Why Does My Flight Not Want Me to Buy Wi-Fi?

Both airlines I flew with were disincentivizing Wi-Fi purchases.

I took two five-hour-long flights in the past five days, and both times the airline involved seemed to be disincentivizing people to pay for Wi-Fi.

My first flight (SEA-JFK) was on JetBlue, which offered passengers free Wi-Fi courtesy of Amazon, but stated that the Wi-Fi was only good enough to do light surfing, a little email, and—if you really wanted—stream Amazon videos. If you needed better Wi-Fi, you’d have to pay for it.

Naturally, I checked my email, drafted some freelance work, and then spent the rest of the flight watching stuff on Amazon. (I already had an Amazon Prime account, but if I hadn’t, the site would have been more than happy to set me up.)

The return flight (DCA-SEA) was on Alaska, which not only charged $36.95 for Wi-Fi—which really only breaks down to $7.39 an hour, but still—but also warned me, both at the top and at the bottom of the menu, that my connection wouldn’t be that great.

Or, if I wanted, I could check out Alaska Beyond’s entertainment portal, where I could either purchase a few premium titles (the ubiquitous Frozen, Star Wars IV through VII) or stream a bunch of stuff for free.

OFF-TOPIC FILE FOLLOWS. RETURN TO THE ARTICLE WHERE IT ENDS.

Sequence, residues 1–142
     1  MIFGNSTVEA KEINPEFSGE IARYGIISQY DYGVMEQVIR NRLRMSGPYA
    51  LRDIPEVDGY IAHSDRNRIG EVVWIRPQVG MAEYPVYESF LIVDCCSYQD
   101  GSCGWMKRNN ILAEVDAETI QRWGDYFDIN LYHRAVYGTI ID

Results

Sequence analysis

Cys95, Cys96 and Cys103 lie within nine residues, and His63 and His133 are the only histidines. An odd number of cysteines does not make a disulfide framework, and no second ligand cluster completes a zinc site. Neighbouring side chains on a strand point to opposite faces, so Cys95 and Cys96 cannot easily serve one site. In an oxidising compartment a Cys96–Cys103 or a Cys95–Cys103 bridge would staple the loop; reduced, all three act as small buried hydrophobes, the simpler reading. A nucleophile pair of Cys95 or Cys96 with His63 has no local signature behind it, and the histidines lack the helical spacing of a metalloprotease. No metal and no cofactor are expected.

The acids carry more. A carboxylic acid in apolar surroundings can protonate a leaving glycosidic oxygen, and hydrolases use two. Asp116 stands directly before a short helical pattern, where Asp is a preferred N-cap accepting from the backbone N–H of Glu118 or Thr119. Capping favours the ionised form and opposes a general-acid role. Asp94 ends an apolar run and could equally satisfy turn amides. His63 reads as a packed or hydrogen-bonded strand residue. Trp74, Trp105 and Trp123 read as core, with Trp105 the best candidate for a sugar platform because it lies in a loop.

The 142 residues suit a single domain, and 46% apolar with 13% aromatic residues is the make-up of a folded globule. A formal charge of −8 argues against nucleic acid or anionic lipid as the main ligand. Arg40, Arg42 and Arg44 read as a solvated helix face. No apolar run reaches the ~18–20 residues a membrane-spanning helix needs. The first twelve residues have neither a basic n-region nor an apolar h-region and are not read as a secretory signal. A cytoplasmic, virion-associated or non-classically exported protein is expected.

I watched the free Cartoon Network shows first, because that’s the kind of person I am, and then I switched to the free HGTV channel and watched Tiny Luxury, a show about people who hire a group of Portlanders to build them luxurious tiny homes.

I had so many questions about the tiny homes. For the couple that wanted custom storage for their yoga gear: is there enough room to do yoga inside the tiny house, or are you yoga-ing in your sister’s backyard, where your tiny home is parked? For the couple who hid their cat’s litterbox inside an antique chest that was lofted in the far corner of the home: does the cat really climb a ladder to the bedroom loft and cross a long, narrow catwalk just to use the litterbox? There’s no ladder up to the litterbox area, so how do you get up there to clean it? Do you have to lift the entire thing down to the ground level first? Does litter get everywhere? Does your cat just pee everywhere? (I had a cat, and she peed everywhere, so I know this kind of thing happens.)

I also have so many questions about both Alaska and JetBlue’s Wi-Fi plans. Why do you not want us to pay for the Wi-Fi? Is funneling us towards Amazon video (which can include ads) and Alaska Beyond video (which included both ads and commercials) better for your bottom line? Do you get kickbacks from Amazon or HGTV?

For those Billfolders who are more in the know: how hard is it to provide Wi-Fi for a planeload of people? Is it easier to just stream a bunch of video through Amazon or Alaska Beyond instead?